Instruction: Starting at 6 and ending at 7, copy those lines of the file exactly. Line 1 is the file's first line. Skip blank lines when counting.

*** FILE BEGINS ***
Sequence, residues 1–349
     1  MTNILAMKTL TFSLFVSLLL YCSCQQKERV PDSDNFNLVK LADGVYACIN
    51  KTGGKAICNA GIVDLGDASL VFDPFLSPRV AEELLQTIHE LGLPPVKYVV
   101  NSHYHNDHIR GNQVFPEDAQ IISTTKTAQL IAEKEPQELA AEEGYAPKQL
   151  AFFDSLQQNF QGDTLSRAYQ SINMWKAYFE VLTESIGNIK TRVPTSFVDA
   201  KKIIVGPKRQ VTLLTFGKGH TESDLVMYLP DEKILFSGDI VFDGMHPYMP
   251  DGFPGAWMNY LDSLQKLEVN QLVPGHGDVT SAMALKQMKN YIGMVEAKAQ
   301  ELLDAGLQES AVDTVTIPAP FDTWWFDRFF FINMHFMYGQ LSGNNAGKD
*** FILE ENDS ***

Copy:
   201  KKIIVGPKRQ VTLLTFGKGH TESDLVMYLP DEKILFSGDI VFDGMHPYMP
   251  DGFPGAWMNY LDSLQKLEVN QLVPGHGDVT SAMALKQMKN YIGMVEAKAQ